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  1. Indianapolis employers harassment among minorities AFRICAN Americans needs to be discussed the metro Indianapolis area is horrible when it comes to harassing African American employees especially in the local healthcare facilities. Racially profiling in the workplace is an major issue. Please make it better because I'm many civil rights leaders would come here and justify that Indiana is a state the WORKS only applies to Caucasian Americans especially in Hamilton county. Indiana targets African Americans in the workplace so when governor pence is trying to convince people to vote for him this would be awesome publicity for the Presidency Elections.

  2. Wishing Mary Willis only God's best, and superhuman strength, as she attempts to right a ship that too often strays far off course. May she never suffer this personal affect, as some do who attempt to change a broken system: https://www.youtube.com/watch?v=QojajMsd2nE

  3. Indiana's seatbelt law is not punishable as a crime. It is an infraction. Apparently some of our Circuit judges have deemed settled law inapplicable if it fails to fit their litmus test of political correctness. Extrapolating to redefine terms of behavior in a violation of immigration law to the entire body of criminal law leaves a smorgasbord of opportunity for judicial mischief.

  4. I wonder if $10 diversions for failure to wear seat belts are considered moral turpitude in federal immigration law like they are under Indiana law? Anyone know?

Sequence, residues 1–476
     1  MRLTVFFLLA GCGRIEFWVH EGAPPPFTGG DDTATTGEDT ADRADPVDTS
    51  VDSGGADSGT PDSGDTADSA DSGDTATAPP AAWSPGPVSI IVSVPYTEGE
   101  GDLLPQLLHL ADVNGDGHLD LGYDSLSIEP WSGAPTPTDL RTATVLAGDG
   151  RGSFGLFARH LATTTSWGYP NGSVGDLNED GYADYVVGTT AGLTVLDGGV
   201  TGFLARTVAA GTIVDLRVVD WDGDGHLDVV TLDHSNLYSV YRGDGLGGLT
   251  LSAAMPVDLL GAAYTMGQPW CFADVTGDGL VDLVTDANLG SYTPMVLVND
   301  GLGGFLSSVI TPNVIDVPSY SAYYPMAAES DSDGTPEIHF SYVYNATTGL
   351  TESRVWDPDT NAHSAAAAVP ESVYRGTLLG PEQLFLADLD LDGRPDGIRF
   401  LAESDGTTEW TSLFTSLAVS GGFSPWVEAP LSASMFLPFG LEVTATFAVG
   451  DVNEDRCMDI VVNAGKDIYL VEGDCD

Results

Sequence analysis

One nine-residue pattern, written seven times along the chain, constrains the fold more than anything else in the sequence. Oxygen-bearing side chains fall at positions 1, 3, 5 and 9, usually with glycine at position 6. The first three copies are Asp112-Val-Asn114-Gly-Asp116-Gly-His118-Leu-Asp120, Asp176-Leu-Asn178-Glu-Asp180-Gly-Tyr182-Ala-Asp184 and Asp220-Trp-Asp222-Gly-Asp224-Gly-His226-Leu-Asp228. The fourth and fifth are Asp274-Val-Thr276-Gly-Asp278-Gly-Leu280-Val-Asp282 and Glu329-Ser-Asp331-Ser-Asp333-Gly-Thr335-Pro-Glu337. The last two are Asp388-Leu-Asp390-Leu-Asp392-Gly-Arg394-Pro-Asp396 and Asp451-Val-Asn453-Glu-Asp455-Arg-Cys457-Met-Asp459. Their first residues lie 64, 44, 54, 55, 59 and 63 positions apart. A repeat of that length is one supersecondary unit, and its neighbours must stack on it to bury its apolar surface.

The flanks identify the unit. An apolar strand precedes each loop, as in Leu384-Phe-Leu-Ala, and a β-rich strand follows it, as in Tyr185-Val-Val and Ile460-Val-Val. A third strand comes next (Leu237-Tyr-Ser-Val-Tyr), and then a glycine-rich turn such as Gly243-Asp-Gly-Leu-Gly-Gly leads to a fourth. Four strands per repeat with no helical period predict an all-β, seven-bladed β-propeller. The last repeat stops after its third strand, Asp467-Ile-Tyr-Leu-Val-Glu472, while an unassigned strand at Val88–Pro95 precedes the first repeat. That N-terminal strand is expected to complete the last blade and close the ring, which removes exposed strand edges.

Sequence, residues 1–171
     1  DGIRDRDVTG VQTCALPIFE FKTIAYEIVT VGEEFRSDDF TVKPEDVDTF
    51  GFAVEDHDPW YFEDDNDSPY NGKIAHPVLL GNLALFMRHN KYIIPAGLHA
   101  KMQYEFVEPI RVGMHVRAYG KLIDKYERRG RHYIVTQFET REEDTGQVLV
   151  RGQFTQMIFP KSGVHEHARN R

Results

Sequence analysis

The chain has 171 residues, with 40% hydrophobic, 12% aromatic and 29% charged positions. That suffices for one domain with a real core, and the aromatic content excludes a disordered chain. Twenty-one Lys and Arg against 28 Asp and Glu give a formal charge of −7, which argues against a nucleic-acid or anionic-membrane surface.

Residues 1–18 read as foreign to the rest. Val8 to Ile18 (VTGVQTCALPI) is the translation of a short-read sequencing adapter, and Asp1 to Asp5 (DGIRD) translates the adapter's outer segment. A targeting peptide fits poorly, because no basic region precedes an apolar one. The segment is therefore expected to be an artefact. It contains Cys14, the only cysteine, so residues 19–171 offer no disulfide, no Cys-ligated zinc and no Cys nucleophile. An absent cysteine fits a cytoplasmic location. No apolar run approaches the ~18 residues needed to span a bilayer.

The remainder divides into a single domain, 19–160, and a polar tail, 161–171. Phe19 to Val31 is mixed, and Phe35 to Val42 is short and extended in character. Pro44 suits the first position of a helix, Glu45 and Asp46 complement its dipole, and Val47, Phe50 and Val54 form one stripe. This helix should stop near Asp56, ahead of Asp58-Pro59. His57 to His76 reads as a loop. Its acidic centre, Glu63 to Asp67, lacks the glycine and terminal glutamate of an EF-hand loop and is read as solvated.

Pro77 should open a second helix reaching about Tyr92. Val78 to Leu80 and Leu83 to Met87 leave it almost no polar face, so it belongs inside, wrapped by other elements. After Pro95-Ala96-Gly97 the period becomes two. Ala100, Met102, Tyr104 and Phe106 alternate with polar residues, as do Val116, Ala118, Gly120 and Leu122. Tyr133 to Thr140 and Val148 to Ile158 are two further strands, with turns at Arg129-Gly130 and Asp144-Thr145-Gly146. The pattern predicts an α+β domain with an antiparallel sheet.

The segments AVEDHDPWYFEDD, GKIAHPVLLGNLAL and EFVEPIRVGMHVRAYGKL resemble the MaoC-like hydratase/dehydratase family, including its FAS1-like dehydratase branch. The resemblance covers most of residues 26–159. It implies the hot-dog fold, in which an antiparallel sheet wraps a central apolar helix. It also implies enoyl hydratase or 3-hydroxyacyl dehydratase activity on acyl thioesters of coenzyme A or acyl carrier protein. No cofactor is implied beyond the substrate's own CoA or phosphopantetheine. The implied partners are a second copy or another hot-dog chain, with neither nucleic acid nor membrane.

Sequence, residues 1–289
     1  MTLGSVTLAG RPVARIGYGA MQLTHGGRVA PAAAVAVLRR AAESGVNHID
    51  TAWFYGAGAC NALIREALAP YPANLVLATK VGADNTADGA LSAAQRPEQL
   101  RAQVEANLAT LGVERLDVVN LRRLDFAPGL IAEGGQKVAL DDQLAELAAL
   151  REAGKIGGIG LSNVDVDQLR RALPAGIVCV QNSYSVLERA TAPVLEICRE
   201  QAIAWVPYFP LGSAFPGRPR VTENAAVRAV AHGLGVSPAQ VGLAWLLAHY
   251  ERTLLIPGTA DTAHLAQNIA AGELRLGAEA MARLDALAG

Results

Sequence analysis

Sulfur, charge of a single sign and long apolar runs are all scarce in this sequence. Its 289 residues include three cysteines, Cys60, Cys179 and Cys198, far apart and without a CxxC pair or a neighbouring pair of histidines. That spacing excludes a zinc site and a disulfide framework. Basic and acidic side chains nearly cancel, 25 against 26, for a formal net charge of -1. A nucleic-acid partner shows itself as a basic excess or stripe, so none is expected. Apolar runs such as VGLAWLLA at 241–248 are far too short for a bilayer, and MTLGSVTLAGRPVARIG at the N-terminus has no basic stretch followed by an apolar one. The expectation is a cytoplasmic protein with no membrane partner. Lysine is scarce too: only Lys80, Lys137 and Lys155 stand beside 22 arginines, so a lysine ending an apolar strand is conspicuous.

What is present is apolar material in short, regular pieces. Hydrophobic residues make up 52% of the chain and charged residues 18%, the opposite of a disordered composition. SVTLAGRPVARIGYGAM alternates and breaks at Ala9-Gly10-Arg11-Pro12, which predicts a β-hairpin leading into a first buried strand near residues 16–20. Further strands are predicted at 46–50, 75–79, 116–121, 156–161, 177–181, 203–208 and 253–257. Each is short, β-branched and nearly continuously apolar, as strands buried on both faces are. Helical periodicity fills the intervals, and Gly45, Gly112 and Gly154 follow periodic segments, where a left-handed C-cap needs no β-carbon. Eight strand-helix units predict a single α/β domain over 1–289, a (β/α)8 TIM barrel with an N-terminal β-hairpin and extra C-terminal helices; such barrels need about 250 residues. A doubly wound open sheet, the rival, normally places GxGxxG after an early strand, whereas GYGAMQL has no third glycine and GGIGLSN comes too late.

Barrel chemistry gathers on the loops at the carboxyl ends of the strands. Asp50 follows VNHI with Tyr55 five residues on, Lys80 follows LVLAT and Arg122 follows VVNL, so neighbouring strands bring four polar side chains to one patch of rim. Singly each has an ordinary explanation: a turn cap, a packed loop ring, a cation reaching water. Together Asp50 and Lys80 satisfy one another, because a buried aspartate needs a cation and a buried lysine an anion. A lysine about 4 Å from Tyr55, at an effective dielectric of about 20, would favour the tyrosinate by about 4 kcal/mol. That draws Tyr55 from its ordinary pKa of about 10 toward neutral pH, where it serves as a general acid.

5. What a fine article, thank you! I can testify firsthand and by detailed legal reports (at end of this note) as to the dire consequences of rejecting this truth from the fine article above: "The inclusion and expansion of this right [to jury] in Indiana’s Constitution is a clear reflection of our state’s intention to emphasize the importance of every Hoosier’s right to make their case in front of a jury of their peers." Over $20? Every Hoosier? Well then how about when your very vocation is on the line? How about instead of a jury of peers, one faces a bevy of political appointees, mini-czars, who care less about due process of the law than the real czars did? Instead of trial by jury, trial by ideological ordeal run by Orwellian agents? Well that is built into more than a few administrative law committees of the Ind S.Ct., and it is now being weaponized, as is revealed in articles posted at this ezine, to root out post moderns heresies like refusal to stand and pledge allegiance to all things politically correct. My career was burned at the stake for not so saluting, but I think I was just one of the early logs. Due, at least in part, to the removal of the jury from bar admission and bar discipline cases, many more fires will soon be lit. Perhaps one awaits you, dear heretic? Oh, at that Ind. article 12 plank about a remedy at law for every damage done ... ah, well, the founders evidently meant only for those damages done not by the government itself, rabid statists that they were. (Yes, that was sarcasm.) My written reports available here: Denied petition for cert (this time around): http://tinyurl.com/zdmawmw Denied petition for cert (from the 2009 denial and five year banishment): http://tinyurl.com/zcypybh Related, not written by me: Amicus brief: http://tinyurl.com/hvh7qgp